Nir Hod is a missionary of beauty. Fame and loneliness, heroism, youth, glamour and death are served up in his work in heaping doses. The heroes and heroines in his paintings – most of whom are cast in his own image – play parts in a grandiose, imaginary melodrama that belongs to the realms of eternity, mythology and fairy tales. The world depicted in his paintings appears as if it truly belongs to the young. His beautiful, glorified heroes never sweat or emit body odors, nor will they ever grow old. Even in death, their beauty will remain pure, untouchable and untarnished.
The glamour parcel that Hod presents to the viewer in a saccharine-sweet, ostentatious cellophane wrapper reveals itself to be a capsule filled with emotion, passion and death, which challenges ideas about beauty in the era after modernism.
On April 27th, 2007, galerie davide gallo has the pleasure of presenting the first European solo show of the Israeli artist Nir Hod. In his last series of paintings, the artist resumes and emphasizes topics that he previously began in his artistic career.
“Soldiers”, a series presented in its entirety in 2005 at the Museum of Contemporary Art in Tel Aviv deals with the themes of beauty, death, sacrifice, and youth, themes already clear and perfectly developed in his work. In this new series of paintings, Nir Hod concentrates on the feminine identity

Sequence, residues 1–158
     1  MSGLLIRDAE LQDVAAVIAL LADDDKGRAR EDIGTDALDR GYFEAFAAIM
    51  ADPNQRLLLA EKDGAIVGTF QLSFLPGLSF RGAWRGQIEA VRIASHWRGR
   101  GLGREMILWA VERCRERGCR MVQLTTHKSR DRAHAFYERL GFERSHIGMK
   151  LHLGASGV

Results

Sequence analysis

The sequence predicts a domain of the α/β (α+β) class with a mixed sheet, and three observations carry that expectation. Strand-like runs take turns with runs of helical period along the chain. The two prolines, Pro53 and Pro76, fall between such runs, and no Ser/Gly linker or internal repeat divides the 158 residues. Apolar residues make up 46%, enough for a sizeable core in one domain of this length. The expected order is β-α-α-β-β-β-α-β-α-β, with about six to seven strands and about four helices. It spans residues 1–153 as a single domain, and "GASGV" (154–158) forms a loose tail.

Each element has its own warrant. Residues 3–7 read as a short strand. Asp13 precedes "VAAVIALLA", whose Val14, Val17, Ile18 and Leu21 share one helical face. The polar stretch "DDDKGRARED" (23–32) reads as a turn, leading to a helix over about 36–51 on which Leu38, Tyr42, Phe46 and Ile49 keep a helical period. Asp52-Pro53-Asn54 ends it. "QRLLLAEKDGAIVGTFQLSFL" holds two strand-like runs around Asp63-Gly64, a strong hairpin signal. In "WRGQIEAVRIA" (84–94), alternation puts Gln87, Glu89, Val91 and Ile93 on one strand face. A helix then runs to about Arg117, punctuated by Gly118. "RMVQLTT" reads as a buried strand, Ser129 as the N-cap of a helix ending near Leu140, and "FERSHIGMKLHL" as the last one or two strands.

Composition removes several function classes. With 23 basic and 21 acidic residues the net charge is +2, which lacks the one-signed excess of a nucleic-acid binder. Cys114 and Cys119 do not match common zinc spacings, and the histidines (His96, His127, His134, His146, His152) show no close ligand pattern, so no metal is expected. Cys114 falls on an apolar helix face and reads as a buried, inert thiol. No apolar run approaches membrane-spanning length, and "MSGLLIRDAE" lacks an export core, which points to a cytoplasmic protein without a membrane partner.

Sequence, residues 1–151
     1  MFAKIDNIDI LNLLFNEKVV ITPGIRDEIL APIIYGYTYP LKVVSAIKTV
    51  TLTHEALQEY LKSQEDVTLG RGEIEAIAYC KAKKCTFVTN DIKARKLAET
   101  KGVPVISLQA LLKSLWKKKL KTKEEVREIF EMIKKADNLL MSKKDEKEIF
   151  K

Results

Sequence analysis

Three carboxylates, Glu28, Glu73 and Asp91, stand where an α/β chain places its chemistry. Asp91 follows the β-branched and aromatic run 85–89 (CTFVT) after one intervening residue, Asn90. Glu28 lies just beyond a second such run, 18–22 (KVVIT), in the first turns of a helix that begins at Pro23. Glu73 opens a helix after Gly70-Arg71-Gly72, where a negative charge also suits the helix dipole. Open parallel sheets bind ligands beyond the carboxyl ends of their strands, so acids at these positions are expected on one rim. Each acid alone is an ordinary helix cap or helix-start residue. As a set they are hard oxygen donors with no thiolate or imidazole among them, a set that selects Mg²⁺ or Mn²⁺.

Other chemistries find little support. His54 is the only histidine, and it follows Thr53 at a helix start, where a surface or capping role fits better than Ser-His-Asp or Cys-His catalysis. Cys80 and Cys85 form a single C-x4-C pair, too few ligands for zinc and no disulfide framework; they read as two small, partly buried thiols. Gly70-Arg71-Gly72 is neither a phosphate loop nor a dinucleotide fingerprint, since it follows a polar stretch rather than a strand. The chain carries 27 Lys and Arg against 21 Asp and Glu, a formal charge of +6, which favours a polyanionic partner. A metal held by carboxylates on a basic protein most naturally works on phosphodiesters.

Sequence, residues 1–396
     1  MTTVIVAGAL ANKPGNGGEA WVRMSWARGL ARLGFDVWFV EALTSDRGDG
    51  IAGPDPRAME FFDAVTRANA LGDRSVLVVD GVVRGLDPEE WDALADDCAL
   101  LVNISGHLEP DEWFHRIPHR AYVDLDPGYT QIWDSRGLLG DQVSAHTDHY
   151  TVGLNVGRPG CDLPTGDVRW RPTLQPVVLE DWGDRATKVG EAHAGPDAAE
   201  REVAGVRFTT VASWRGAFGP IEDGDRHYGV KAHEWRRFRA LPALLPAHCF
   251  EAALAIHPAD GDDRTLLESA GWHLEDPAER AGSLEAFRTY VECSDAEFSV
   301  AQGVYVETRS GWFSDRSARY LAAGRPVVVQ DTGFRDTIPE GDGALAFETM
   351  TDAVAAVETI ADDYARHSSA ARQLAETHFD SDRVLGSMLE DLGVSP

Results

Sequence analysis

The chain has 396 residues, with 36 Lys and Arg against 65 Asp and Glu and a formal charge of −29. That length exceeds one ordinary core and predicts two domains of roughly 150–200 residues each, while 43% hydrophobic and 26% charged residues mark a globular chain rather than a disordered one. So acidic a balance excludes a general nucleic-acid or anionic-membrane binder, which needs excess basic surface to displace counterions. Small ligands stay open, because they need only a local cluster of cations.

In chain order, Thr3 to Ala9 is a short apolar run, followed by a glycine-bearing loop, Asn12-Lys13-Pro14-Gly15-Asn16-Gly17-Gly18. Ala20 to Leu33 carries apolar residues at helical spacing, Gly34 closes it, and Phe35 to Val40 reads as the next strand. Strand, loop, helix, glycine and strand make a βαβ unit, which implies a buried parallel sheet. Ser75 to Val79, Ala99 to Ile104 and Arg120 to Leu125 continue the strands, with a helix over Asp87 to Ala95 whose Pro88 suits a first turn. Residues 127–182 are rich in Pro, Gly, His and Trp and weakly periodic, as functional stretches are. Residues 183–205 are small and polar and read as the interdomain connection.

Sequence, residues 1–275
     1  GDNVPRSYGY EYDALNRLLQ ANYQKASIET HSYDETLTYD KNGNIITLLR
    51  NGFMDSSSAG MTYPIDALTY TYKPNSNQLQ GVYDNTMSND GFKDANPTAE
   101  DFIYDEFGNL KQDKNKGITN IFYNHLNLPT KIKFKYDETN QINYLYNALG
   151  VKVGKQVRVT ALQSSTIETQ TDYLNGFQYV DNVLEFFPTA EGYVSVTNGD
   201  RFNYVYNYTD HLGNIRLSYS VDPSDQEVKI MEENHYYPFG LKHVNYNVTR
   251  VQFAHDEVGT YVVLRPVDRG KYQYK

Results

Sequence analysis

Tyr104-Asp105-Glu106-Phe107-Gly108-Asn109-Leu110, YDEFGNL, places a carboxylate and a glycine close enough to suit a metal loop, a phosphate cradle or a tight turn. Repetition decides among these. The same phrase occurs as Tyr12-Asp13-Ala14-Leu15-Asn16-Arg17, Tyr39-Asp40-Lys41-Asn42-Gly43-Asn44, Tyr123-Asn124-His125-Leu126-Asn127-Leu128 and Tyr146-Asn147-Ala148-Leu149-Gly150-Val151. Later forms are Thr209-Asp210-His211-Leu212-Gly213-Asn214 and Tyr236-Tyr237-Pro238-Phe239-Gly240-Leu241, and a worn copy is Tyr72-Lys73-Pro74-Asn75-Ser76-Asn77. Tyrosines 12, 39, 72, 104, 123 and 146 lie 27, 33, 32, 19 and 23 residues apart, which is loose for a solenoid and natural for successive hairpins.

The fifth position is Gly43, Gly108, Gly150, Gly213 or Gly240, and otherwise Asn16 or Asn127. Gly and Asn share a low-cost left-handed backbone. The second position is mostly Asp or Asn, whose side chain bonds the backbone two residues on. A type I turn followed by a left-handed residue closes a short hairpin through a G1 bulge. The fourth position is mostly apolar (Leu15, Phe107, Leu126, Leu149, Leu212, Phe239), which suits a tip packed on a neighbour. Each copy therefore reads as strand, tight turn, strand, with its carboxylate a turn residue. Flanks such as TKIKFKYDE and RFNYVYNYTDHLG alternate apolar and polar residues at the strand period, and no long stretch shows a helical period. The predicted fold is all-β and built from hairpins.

“Farewell Sofia”, a painting representing a dog, shows the absence of the woman, standing for melancholy and separation. “Soldier in Sinai” is a painting which incorporates all the themes of Nir Hod. The topic of sacrifice and death as a consequence of war is emphasized with greater determination.
“Two Girls” is a hymn to love and intimacy, feminine identity from another painterly perspective filled with irony and poetical desecration. “Masturbation” is a work in which the artist reaches a rare technical perfection. The perspective and the asymmetrical cut are the true protagonists of the painting. The joy, the ambiguity of pleasure and the recurring ambiguity of the line between death and sleep, and between life and dream constitute the nucleus center as well as the poetry of Nir Hod.
“Mother and I” refers to childhood as lost mythology, a romantic dream. In this work there is also an underlying ambiguity: the realism of the description and the irrealism of the subject and of the space that encircles it.
The landscape is like that in a fable, the intimate serenity of the emotional dialogue between mother and son set against the nearly scientific analysis of visual data which gets lost in an infinite game of details